Techno Viking, deploy: when internet memes meet British spy tools

License to troll

10
(Memory Alpha)

Intelligence operatives trawl the internet looking for information that might help incriminate or neutralize potential terrorists. Intelligence operatives like to give their programs names like MYSTIC and SQUEAKY DOLPHIN. None of that makes it any less strange when Glenn Greenwald reveals that British spy agency GCHQ is using programs like "TECHNO VIKING" to game online polls and mine data from LinkedIn. Today, Greenwald posted a leaked list of tools created by the agency's Joint Threat Research Intelligence Group (JTRIG), granting some small insight into the simultaneously mundane, ominous, and ridiculous world of online surveillance.

The GCHQ, which works in tandem with the NSA, is said to tap fiber optic cables to gather intelligence and to reap the benefits of US surveillance systems like XKeyscore, through which "millions" of people are secretly tracked. But many of its tools are meant to gather and analyze publicly available information, launch phishing attacks, or shift the tone of online debate. The GCHQ particularly tends to do so in ways that make it sound like a covert 4chan board — it's previously been known to explain psychology with lolcats. Among the many names on the leaked internal wiki page:

  • TECHNO VIKING: "A subsystem of JAZZ FUSION [information access software]"
  • FOREST WARRIOR: "Desktop replacement for CERBERUS [information access software]"
  • AIRWOLF: "YouTube profile, comment and video collection"
  • PHOTON TORPEDO: "A technique to actively grab the IP address of an MSN messenger user"
  • ANGRY PIRATE: "A tool that will permanently disable a target's account on their computer"
  • ARSON SAM: "A tool to test the effects of certain types of PDU [Protocol Data Unit] SMS messages on phone/network"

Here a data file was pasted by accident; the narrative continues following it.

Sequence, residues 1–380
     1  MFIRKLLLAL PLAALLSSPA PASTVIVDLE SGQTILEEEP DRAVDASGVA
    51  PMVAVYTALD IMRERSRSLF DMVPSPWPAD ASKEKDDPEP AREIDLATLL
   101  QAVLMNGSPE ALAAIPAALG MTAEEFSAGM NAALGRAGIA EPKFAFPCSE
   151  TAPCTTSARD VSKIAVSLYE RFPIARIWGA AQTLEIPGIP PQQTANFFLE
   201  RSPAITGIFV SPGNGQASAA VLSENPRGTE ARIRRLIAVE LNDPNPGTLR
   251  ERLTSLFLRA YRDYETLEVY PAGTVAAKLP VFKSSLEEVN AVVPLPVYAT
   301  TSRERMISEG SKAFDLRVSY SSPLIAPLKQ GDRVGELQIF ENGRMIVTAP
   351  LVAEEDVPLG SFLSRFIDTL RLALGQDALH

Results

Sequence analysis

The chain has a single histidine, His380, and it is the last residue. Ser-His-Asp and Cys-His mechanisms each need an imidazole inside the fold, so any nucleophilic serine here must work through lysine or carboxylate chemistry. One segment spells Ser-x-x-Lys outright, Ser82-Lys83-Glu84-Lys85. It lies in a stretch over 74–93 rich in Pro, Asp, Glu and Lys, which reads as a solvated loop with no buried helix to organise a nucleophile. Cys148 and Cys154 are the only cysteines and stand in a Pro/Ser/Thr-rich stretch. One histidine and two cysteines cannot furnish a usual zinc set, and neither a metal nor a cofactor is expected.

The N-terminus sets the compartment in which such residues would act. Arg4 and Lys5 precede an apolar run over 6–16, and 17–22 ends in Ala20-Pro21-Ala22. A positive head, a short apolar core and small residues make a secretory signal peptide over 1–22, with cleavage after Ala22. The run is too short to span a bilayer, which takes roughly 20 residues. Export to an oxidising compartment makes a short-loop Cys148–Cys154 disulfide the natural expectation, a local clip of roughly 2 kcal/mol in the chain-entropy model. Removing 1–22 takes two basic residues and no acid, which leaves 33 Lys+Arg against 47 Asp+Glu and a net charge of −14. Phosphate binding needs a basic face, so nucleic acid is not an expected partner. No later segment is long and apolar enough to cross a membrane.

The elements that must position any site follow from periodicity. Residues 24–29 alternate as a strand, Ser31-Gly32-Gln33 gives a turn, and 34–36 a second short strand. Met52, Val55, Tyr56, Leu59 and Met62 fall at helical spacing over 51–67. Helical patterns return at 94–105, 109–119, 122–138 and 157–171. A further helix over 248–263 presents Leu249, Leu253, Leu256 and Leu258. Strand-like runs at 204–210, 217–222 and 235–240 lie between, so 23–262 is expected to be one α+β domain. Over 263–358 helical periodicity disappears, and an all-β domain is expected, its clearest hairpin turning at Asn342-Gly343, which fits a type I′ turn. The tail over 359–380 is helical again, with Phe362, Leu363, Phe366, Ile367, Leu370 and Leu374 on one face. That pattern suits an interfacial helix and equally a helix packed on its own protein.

• CONCRETE DONKEY: "the capability to scatter an audio message to a large number of telephones, or repeatedly bomb a target number with the same message"
  • DEADPOOL: "URL shortening service"

Not all these tools are operational, and they cover a range of purposes, from pulling bulk social network data to launching denial of service attacks to "automated posting of Twitter updates" (BIRDSONG, later replaced by SYLVESTER). Some sound obviously threatening or invasive: SPRING BISHOP is supposed to "find private photographs of targets on Facebook," potentially as a way to discredit them. Some were already known. And some are hard to reconcile with the glamorous image of spycraft. MOUTH pulls files from very public digital preservation site Archive.org. UNDERPASS was created to "change outcome of online polls," a process more closely associated with voting 4chan's founder the world's most influential person and sending rappers to Alaska.

It's all a far cry from tapping the phones of world leaders, destroying the hard drives of a major newspaper, or anything else that's come to light since Edward Snowden started posting information about the UK government.

But as Greenwald points out, references to things like denial of service attacks show that intelligence agencies are using the same tools that can get private citizens arrested. The fact that they sound like teenagers making up spy names is both an odd tribute to internet culture and a reminder that teenage forum trolls are already frighteningly effective. The more our lives are online, the more mundane tools can serve up the sort of information that lets surveillance organizations track what we're doing. All they need is a fruit bowl, a bumblebee dance, and the X-Men.

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